34. Simon Cauchi said,

    September 9, 2008 @ 6:01 pm

    See also Goldsmith's The Deserted Village (1770):

    A time there was, ere England's griefs began . . .

    So the plural of "grief" can (or could) be either "griefs" or "grieves".

  35. Arnold Zwicky said,

    September 9, 2008 @ 7:10 pm

    To Simon Cauchi on "grieves" as the plural of "grief": you totally miss the point. "Grieves" is not now a standard plural form of the noun "grief". It's been attested historically in this function, and it might even occur in some varieties now, but none of this is relevant to the point at hand. In fact, the point at hand was that non-standard fricative-voicing plurals are not uncommon. They're appropriate to certain varieties, but they're not standard,

    I HAVE NEVER SAID THAT ANYTHING THAT OCCURS IS STANDARD. Nor has any other other linguist.

  36. Simon Cauchi said,

    September 9, 2008 @ 8:06 pm

    I wasn't asserting anything about Standard English either: I was merely citing a couple of historical examples.

    I can attest — having heard it with my own ears — that some speakers pronounce the plural of "staff" (which they would write "staffs") with a voiced fricative, so that it sounds like the old plural "staves" (I mean [sta:vs], not [steivs]). And I wouldn't call that pronunciation non-standard. It's as standard as the unvoiced pronunciation.

    (The "staffs" in question were people, employees.)

    Getting back to "grief", I'm pretty sure that the plural "griefs" is still current, and that therefore the label "mass noun" given it by the New Oxford Dictionary of English is wrong, or at least not true of all occurrences.

  37. Arnold Zwicky said,

    September 9, 2008 @ 8:24 pm

    Simon Cauchi: "Getting back to "grief", I'm pretty sure that the plural "griefs" is still current, and that therefore the label "mass noun" given it by the New Oxford Dictionary of English is wrong, or at least not true of all occurrences."

    Well, of course. M>C conversion is routine, and the regular plural of the C noun "grief" would be "griefs". Like "sadnesses", "discomforts", and so on. Dictionaries, even very big ones, rarely list such conversions, because they're so productive.

  38. Skullturf Q. Beavispants said,

    September 9, 2008 @ 9:15 pm

    For what it's worth, from my younger days playing dungeons and dragons, I remember "staves" as a plural of "staff", when talking about things similar to magic wands.

    My spell-checker doesn't approve, though.

  39. Tristan McLeay said,

    September 10, 2008 @ 2:48 am

    What is the question about “ staves ” ? I remember the word from piano lessons in the mid 1990s. I don't understand why it wouldn't be marked in Skullturf's dictionary or why Simon describes it as an “ old plural ”. The most common use of “ staff ” today is of course a mass noun with no everyday plural, but that's a different matter.

  40. Simon Cauchi said,

    September 10, 2008 @ 6:31 am

    I mentioned it as another example of fricative-voicing in the plural, but a historical one. In the sixteenth century (say) there was singular "staff" and plural "staves" (the latter pronounced with the same vowel as that of "staff" but with a voiced fricative). In modern English the plural (now pronounced to rhyme with "waves") has acquired a new singular, "stave", by back-formation, and the singular "staff" has acquired a new regular plural "staffs". (However, musicians use both singulars indifferently, I believe.)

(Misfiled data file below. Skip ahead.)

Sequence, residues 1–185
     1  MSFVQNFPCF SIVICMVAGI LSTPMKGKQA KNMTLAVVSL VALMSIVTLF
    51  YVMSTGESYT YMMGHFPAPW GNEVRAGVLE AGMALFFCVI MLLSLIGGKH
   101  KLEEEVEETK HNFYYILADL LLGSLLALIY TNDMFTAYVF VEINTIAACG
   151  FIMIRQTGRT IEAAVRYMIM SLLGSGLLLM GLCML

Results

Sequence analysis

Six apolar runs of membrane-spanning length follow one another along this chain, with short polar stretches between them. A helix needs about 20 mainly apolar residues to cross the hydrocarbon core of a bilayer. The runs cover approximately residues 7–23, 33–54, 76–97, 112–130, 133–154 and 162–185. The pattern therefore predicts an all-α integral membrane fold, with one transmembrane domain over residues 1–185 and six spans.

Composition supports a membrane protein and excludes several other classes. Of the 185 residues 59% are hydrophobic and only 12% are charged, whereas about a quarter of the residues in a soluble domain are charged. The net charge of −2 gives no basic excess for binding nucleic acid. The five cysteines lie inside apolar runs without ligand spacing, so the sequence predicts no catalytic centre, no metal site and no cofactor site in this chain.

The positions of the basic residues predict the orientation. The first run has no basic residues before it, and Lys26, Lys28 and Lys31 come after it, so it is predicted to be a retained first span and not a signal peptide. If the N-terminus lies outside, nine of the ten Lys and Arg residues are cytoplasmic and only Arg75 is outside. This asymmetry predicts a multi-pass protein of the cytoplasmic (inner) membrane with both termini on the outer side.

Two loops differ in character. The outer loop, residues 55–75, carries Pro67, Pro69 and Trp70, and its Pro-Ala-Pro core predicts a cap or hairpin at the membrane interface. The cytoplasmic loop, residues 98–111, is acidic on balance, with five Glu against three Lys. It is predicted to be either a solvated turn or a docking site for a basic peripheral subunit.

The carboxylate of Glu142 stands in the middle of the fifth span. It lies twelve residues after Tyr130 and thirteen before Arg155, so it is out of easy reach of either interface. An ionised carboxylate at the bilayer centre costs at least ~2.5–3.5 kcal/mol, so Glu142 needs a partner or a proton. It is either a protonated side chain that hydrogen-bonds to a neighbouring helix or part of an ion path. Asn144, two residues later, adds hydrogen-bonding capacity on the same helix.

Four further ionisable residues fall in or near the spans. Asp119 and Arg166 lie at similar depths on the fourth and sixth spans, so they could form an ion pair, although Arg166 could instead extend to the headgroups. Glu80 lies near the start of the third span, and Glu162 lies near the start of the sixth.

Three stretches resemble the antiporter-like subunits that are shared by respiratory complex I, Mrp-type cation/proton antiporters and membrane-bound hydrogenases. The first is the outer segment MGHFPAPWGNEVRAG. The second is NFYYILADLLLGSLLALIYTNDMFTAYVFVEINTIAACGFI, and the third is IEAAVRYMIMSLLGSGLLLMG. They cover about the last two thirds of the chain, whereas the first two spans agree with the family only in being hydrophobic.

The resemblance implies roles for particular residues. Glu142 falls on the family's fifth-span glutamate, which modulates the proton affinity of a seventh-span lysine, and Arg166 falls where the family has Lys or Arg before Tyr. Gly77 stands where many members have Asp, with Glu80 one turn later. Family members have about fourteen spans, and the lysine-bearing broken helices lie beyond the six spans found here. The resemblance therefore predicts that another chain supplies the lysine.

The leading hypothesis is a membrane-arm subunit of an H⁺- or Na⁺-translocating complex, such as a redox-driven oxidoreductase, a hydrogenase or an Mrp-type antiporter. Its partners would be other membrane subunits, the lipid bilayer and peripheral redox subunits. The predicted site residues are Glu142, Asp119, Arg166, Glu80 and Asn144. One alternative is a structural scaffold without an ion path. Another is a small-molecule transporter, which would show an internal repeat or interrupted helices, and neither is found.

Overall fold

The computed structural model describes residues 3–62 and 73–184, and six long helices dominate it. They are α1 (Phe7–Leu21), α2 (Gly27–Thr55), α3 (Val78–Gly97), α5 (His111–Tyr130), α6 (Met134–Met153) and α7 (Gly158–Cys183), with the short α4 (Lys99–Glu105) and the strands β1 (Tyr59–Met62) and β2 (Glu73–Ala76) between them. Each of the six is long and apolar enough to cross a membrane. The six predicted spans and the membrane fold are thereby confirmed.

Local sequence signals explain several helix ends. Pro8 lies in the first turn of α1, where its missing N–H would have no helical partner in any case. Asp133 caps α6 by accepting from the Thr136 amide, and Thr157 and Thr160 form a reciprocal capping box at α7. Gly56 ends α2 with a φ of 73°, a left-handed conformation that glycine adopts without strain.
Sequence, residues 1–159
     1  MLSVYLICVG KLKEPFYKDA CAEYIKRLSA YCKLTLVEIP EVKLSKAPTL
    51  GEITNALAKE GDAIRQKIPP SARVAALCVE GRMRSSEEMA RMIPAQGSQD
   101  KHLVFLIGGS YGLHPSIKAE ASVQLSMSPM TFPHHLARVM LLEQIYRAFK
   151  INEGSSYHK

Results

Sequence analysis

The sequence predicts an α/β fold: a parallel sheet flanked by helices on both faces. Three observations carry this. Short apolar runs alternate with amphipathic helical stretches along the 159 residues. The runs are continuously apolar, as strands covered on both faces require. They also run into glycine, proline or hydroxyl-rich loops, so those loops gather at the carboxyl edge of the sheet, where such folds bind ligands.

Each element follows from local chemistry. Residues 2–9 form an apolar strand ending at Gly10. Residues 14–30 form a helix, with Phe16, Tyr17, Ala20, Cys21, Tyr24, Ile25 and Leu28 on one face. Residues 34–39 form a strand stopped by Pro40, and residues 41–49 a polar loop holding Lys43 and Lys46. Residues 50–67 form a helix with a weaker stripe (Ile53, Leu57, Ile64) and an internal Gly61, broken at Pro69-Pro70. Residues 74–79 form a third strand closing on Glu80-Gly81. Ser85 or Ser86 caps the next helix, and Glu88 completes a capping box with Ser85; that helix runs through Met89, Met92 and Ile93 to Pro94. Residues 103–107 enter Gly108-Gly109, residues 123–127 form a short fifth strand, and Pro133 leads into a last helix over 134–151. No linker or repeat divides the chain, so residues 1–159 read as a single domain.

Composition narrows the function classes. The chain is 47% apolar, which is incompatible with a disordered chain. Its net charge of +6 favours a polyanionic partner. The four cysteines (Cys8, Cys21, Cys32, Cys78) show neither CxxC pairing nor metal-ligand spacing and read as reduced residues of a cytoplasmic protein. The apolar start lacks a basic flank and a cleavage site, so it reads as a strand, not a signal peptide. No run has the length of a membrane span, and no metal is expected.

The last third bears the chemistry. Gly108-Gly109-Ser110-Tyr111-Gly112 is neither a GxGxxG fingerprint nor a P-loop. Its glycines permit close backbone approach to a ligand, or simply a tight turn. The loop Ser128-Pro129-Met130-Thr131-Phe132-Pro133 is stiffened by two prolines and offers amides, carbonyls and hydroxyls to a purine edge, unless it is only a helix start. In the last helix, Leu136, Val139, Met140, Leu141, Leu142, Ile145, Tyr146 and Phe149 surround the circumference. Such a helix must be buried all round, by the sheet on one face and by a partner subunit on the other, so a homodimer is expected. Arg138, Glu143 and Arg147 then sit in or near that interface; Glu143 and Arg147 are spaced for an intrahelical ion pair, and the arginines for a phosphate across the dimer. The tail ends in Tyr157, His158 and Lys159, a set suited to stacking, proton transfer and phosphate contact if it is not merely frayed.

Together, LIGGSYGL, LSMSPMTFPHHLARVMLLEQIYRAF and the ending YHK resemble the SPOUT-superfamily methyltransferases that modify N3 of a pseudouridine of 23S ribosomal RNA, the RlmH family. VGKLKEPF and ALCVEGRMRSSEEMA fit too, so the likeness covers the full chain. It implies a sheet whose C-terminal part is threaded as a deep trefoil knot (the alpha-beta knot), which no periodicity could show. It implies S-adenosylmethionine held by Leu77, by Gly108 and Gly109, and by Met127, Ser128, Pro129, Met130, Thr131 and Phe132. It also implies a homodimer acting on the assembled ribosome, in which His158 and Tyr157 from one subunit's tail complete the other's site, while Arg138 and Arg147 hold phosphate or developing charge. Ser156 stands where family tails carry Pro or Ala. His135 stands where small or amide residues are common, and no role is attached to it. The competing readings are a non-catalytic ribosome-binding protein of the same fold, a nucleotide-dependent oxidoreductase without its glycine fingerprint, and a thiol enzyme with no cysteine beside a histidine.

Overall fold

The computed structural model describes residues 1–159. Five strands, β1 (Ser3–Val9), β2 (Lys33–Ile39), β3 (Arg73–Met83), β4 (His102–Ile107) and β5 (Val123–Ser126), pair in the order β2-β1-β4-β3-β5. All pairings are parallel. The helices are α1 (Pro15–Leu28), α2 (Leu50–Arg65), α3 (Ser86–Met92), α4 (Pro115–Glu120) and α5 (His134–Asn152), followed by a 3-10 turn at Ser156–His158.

The point of my 8:06 p.m. post last night was to mention that I have heard the plural "staffs" spoken with a voiced fricative, that's all, and I wouldn't describe that pronunciation as non-standard. It was also a M>C conversion, but that wasn't the point I was concerned about.

  41. David Letterman said,

    September 10, 2008 @ 8:48 am

    1. I can't understand the reason for Arnold Zwicky's intermittent rudeness on this blog, but I do wish he'd lay off, it's very distracting.

    2. To Simon Cauchi: thanks for your reply about grieves, which seemed very much to the point to me. Stave is still the plural of staff, or it was in England in the nineteen-sixties, when I was a boy scout.

  42. Rico said,

    September 11, 2008 @ 9:41 pm

    Handel's Messiah has 'griefs:'

    "Surely he hath borne our griefs…"

    His source, of course, was the Authorized Version of the Bible–in this case, Isaiah 53:4. My reprint copy gives the spelling 'griefes.'

  43. Simon Cauchi said,

    September 12, 2008 @ 6:02 pm

    marie-lucie wrote:
    f/v in singular/plural forms:

    I am wondering about the word eaves: not too long ago I saw a reference to an eave, but wouldn't it be more natural to say eaf?

    No. "Eaves", like "riches", is one of those words that looks like a plural but isn't one really, though we treat it like one. There is no singular "eave" or "eaf". "Eaves" is derived from an Old English singular noun _efes_. Similarly "riches" is derived from French _richesse_ or more precisely from its Anglo-Norman cognate.

  44. Now I Know My [ei] [bi] [si]’s « 5 Market Blog said,

    December 4, 2008 @ 2:33 pm

    […] As an interesting side-note, one of the books we picked up for Benjamin was an English book Times 1000 Word Dictionary by Myra Ellis which also includes IPA transcriptions of words. It, however, includes all the funky symbols and a pronunciation guide and seems generally accurate, although it is not based on an American standard dialect (it was published in Singapore) as it includes words like lorry, pronunciations like [mɛdsn] with two syllables for medicine, and non-rhotic variants as seen in [mɑ:tʃ] for march and [ˈfɪŋgə] for finger among many others (for a nice map on the distribution of r-lessness see here). […]